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The problem is that the exigencies of playing Division I college football just may not provide enough time to get a real education. And not every athlete is willing to take on Joe Igber's self-punishing lifestyle.
"I remember looking at one of my résumés, and it had nothing but football on it," White says. "I didn't have internships, apprenticeships, nothing — I was just Russell White."
That realization prompted a moment of intense foreboding. What do you do, White thought, when you're 23 years old and the NFL dream is over?
Mark Lewis, the NCAA's executive vice president of championships, was the last witness called at the O'Bannon bench trial in June. When he took the stand, Lewis recounted a childhood story about his family's university-owned home, in Athens, Ga. His father was a defensive coordinator for the University of Georgia football team; whenever it had a losing streak, fans would litter the Lewis' yard with "For Sale" signs. It was Lewis' job to yank them out before his father woke up.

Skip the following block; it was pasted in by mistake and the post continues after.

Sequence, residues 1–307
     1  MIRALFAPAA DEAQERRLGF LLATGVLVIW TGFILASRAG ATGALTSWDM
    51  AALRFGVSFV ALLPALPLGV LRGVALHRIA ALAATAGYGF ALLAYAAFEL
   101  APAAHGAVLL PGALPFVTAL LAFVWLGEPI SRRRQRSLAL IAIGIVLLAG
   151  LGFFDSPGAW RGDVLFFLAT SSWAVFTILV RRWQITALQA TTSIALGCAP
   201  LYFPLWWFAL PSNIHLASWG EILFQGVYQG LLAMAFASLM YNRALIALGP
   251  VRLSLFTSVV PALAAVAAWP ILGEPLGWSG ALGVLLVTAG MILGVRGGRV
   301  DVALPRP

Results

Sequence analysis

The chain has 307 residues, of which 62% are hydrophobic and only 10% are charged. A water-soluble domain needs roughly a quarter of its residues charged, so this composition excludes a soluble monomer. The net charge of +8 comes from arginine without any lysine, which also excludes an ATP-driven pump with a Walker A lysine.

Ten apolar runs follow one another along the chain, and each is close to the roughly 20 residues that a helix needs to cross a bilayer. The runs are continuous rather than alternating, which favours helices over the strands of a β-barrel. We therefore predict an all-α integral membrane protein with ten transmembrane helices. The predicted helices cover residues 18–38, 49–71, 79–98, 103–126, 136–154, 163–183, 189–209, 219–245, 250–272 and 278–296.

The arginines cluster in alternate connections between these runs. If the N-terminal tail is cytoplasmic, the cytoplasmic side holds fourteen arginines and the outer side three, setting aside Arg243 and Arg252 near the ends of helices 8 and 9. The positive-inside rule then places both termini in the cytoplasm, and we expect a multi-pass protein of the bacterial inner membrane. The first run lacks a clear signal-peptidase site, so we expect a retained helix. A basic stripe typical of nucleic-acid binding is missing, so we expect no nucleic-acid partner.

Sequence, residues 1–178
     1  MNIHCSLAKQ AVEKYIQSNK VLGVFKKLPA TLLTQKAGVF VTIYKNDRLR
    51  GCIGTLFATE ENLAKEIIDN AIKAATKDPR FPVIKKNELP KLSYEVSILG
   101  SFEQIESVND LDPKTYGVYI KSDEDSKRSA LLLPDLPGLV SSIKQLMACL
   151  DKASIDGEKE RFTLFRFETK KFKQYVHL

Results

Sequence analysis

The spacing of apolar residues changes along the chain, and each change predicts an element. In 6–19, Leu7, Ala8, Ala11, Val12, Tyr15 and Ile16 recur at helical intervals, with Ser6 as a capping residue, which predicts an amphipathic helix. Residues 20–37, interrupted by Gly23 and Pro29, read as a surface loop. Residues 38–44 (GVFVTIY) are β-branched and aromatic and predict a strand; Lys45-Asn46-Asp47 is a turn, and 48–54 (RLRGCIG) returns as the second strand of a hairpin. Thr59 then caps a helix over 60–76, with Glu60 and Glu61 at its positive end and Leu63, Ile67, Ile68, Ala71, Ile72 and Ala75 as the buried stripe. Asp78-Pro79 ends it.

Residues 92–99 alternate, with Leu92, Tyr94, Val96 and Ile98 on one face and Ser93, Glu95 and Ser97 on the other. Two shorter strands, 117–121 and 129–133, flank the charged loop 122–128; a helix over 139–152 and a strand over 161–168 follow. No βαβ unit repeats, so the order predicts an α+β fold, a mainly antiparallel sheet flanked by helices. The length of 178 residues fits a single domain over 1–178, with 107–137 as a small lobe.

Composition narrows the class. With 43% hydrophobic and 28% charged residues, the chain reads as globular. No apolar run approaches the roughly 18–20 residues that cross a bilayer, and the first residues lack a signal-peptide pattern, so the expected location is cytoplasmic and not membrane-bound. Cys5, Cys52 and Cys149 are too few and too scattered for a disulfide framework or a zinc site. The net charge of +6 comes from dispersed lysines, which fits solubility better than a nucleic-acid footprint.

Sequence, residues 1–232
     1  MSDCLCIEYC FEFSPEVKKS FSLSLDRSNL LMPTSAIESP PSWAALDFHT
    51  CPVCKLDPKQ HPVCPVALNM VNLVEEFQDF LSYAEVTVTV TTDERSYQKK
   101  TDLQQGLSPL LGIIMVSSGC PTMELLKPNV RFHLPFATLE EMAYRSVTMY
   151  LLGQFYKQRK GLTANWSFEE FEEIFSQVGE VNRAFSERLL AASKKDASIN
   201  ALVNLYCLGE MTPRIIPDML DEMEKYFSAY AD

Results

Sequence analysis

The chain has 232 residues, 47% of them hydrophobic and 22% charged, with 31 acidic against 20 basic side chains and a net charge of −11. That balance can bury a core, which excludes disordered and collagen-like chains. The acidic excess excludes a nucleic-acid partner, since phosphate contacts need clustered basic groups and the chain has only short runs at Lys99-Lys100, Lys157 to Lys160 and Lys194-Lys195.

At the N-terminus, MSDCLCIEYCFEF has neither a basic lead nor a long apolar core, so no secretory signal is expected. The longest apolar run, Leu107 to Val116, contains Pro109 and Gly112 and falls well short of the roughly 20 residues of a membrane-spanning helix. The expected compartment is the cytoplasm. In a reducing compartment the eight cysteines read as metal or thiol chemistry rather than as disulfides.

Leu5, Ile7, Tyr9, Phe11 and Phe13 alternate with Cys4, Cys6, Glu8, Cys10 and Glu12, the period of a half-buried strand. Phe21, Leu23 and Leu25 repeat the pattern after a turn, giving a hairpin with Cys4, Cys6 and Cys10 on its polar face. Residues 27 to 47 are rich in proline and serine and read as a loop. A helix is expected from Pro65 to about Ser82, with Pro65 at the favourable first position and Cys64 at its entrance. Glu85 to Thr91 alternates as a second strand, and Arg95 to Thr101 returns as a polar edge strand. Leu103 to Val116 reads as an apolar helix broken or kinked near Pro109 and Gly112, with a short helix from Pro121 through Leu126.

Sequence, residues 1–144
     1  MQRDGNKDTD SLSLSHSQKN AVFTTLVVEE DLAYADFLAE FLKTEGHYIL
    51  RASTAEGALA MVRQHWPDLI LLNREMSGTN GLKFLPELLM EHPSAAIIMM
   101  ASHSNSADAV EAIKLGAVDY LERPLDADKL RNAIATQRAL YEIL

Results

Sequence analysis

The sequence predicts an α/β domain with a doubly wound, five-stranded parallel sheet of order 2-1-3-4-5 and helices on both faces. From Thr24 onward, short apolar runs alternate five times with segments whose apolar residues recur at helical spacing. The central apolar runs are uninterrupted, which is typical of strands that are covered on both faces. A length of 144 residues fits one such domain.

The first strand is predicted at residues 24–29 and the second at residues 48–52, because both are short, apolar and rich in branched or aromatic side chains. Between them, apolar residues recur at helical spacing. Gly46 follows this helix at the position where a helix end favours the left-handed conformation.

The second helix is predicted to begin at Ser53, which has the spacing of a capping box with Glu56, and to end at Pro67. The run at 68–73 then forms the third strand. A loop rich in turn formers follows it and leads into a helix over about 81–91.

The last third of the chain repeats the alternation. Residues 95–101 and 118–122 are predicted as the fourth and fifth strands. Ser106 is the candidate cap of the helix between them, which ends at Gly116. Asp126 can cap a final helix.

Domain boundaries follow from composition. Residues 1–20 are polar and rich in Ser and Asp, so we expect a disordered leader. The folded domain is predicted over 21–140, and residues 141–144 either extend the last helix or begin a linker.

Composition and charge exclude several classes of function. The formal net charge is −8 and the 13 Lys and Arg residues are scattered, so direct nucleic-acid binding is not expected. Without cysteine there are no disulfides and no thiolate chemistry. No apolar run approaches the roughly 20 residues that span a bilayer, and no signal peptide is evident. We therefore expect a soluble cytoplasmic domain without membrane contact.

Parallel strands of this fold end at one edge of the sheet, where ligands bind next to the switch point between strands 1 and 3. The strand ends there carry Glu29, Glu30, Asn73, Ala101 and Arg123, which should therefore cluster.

Football and other college sports are a form of collective identity and camaraderie in Athens. And that's not unusual for college towns throughout the country.
"It's a huge part of the Midwestern ethos," NCAA President Mark Emmert testified during the trial. "The colors of the team, the traditions, the stadiums... the rivalries built over generations." Sports form an atavistic line in many of these places, and become so embedded in the cultural fabric that the schools' seemingly frivolous trophies — the Little Brown Jug passed between the University of Michigan and the University of Minnesota, or the carved wooden turtle exchanged between Ohio State and the University of Illinois — acquire an almost spiritual significance.
NCAA administrators often play up the notion of college sports as a local folk tradition, arguing that it distinguishes them from the pros. Yet in recent years, with more college games being broadcast on ESPN, and more money being juiced from media rights and team merchandise, the pro and amateur spheres have come to resemble one another.